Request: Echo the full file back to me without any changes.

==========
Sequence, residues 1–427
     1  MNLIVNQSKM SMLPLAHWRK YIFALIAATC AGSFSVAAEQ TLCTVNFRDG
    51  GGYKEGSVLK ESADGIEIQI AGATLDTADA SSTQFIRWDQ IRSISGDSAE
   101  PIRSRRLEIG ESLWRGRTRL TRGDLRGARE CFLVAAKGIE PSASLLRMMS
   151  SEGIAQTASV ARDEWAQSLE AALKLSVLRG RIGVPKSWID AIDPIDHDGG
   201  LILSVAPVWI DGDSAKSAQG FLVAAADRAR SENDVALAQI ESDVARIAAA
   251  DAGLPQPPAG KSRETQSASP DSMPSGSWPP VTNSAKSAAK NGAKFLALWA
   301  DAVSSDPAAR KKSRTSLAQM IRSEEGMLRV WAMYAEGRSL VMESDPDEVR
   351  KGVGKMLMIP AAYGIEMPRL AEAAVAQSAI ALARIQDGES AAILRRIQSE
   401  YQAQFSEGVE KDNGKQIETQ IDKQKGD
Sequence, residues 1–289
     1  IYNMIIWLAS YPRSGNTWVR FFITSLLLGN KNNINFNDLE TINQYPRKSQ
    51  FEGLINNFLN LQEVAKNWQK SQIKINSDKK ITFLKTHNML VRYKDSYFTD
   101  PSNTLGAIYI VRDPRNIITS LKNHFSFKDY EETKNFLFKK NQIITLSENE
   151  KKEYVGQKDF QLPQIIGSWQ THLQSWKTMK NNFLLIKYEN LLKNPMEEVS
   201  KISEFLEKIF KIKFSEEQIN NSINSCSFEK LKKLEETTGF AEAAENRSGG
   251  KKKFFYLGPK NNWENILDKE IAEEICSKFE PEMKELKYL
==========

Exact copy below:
Sequence, residues 1–427
     1  MNLIVNQSKM SMLPLAHWRK YIFALIAATC AGSFSVAAEQ TLCTVNFRDG
    51  GGYKEGSVLK ESADGIEIQI AGATLDTADA SSTQFIRWDQ IRSISGDSAE
   101  PIRSRRLEIG ESLWRGRTRL TRGDLRGARE CFLVAAKGIE PSASLLRMMS
   151  SEGIAQTASV ARDEWAQSLE AALKLSVLRG RIGVPKSWID AIDPIDHDGG
   201  LILSVAPVWI DGDSAKSAQG FLVAAADRAR SENDVALAQI ESDVARIAAA
   251  DAGLPQPPAG KSRETQSASP DSMPSGSWPP VTNSAKSAAK NGAKFLALWA
   301  DAVSSDPAAR KKSRTSLAQM IRSEEGMLRV WAMYAEGRSL VMESDPDEVR
   351  KGVGKMLMIP AAYGIEMPRL AEAAVAQSAI ALARIQDGES AAILRRIQSE
   401  YQAQFSEGVE KDNGKQIETQ IDKQKGD
Sequence, residues 1–289
     1  IYNMIIWLAS YPRSGNTWVR FFITSLLLGN KNNINFNDLE TINQYPRKSQ
    51  FEGLINNFLN LQEVAKNWQK SQIKINSDKK ITFLKTHNML VRYKDSYFTD
   101  PSNTLGAIYI VRDPRNIITS LKNHFSFKDY EETKNFLFKK NQIITLSENE
   151  KKEYVGQKDF QLPQIIGSWQ THLQSWKTMK NNFLLIKYEN LLKNPMEEVS
   201  KISEFLEKIF KIKFSEEQIN NSINSCSFEK LKKLEETTGF AEAAENRSGG
   251  KKKFFYLGPK NNWENILDKE IAEEICSKFE PEMKELKYL